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XMLP - Data Access Driver – What is it Used for?

The JD Edwards EnterpriseOne Data Access Driver (DAD) is a type 4 jdbc driver whose sole purpose is to access JD Edwards database from an outside source.  Applications such as Hyperion or BI Publisher can utilize the DAD to make such a connection.

NOTE:  The DAD provides the third party tool access to EnterpriseOne data in read only mode.

 

What are the Requirements to Use the DAD?

The DAD can only be utilized with applications that support “read-only” jdbc type 4 drivers.

 

How Complex is the Setup?

The setup is fairly straight forward involving placement of the dad driver jar files into the location of third party applications class path directory (Usually this will be the product’s lib directory where that application’s jar files exists).  Since JD Edwards EnterpriseOne is not a database in and of itself an environment is initialized which is then utilized to perform the queries on the JD Edwards data.  This is done via a URL that specifies the environment name.  To get this environment to work the jas.ini, jdbj.ini and jdelog.properties files should be created on the third party application’s machine. This has to be done via server manager by registering that third party application machine and then creating a managed instance for type Data Access Driver.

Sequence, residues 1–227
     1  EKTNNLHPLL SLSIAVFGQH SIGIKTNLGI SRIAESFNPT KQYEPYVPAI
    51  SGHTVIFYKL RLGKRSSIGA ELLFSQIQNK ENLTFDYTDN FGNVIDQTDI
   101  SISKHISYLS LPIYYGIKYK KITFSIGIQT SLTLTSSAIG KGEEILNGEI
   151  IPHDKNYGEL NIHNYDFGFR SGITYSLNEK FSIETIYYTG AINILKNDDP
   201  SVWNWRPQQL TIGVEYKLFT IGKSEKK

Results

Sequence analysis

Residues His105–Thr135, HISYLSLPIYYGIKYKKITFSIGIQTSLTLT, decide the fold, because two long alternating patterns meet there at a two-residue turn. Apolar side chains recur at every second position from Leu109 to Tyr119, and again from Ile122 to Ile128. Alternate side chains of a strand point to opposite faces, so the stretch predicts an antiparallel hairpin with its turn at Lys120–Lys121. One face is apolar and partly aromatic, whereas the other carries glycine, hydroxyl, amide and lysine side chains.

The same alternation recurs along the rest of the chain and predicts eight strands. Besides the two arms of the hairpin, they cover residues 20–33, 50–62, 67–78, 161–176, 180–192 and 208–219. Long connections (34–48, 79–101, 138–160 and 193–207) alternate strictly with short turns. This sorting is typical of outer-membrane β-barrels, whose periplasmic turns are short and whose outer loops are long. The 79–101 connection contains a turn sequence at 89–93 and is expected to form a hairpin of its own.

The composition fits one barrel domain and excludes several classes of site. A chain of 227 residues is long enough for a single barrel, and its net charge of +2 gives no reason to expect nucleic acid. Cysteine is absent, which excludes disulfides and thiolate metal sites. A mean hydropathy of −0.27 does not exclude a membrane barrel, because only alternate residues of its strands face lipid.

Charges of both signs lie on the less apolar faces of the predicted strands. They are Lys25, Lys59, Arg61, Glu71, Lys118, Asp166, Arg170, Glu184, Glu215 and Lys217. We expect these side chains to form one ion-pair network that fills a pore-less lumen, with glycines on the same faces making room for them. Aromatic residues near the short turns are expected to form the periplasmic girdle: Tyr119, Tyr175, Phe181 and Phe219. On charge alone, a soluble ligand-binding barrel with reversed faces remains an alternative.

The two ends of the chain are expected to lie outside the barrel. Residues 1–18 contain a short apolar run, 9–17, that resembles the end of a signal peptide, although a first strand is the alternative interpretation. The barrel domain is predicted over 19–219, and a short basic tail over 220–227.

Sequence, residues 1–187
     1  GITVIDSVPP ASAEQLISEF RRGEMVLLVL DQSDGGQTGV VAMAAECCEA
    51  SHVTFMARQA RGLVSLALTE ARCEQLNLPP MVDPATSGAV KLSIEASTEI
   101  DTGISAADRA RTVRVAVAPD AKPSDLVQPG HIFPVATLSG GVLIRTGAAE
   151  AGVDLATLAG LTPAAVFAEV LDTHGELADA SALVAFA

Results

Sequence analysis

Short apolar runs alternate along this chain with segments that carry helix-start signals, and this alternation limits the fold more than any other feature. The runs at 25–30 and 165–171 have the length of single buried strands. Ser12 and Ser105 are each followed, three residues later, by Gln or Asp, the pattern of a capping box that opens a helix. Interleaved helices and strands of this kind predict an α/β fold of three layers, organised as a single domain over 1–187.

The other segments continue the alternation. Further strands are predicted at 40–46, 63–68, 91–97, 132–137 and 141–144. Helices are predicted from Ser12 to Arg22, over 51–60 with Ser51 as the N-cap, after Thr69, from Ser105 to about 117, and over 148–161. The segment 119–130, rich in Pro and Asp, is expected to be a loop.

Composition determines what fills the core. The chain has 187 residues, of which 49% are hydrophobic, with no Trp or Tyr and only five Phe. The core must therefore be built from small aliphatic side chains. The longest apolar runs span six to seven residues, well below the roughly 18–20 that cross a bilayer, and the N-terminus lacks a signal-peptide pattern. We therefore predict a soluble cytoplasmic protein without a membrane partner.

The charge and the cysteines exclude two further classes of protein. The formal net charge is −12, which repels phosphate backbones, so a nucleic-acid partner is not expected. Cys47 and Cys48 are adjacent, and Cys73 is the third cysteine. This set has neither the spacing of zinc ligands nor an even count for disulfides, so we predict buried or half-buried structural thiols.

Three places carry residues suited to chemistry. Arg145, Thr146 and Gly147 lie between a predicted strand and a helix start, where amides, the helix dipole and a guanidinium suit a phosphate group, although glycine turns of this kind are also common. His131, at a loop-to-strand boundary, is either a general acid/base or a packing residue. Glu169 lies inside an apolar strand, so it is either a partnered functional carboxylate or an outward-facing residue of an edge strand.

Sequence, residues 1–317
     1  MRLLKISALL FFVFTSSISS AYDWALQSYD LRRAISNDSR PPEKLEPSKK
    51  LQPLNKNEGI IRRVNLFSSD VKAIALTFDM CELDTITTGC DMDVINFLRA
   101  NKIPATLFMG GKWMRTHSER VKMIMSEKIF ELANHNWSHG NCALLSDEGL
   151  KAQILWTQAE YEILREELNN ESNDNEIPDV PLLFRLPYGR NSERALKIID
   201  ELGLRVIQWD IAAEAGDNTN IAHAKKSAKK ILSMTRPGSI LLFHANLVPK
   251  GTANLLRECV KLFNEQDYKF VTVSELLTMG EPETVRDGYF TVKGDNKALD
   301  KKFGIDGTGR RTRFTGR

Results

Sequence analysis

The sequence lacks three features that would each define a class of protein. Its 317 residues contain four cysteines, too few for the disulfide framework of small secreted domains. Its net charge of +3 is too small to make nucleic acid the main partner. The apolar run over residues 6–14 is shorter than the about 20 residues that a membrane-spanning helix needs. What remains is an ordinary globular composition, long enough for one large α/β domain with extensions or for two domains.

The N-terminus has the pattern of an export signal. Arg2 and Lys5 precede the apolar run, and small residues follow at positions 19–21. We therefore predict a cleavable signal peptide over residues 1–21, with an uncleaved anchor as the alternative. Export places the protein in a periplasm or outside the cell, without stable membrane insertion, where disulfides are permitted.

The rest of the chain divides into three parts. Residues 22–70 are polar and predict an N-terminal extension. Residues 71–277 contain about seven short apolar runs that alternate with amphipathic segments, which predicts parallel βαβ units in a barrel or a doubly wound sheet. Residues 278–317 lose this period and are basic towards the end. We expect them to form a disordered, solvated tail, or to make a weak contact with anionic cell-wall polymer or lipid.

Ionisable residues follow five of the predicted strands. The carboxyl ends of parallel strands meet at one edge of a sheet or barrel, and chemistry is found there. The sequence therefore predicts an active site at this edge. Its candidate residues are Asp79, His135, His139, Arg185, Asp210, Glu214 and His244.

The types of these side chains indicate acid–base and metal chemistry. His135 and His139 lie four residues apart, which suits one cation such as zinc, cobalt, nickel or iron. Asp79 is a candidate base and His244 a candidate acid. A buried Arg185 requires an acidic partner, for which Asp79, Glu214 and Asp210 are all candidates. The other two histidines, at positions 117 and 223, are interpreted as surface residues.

For additional resources regarding Data Access Driver please see the following KM documents:

     E1: XMLP: Implementation Steps for Data Access Driver (DAD) with BI Publisher 11g and Above (Doc ID 1331667.1)

   UBE - Subsystem Jobs – What are they and Do They Increase Efficiency?

Imagine working at a batting cage where your sole responsibility is to pitch the baseball to all customers that are practicing batting. Your shift is 8 hours and you have to continuously pitch the baseball to customers. Eventually the muscles in your arm tire and you become exhausted and the same can be said about UBE processing on your system.

 

In contrast to the example above, when a UBE is run separately it must complete a series of initialization steps such as selecting an environment and loading specs. These steps must be completed each and every time the UBE is submitted also exhausting system resources such as CPU and RAM which is where a subsystem job is the better option.

 

What is a Subsystem UBE Job and how does it save system resources?

The Subsystem UBE Job loads the environment and specs only once and basically hibernates and checks for items to run as opposed to a scheduled UBE, for example, that would have to load these things each time it is submitted.

Use subsystem jobs to:

  • Off-load processor resources
  • Protect server processes
  • Perform repetitive and frequent processes to maximize output throughput

 

For additional resources regarding Subsystem UBE Jobs please see the following KM documents:

E1: SS: Overview of Subsystem Processing in EnterpriseOne (Doc ID 1265778.1)

E1: 40: Subsystem Processing (Doc ID 625418.1)

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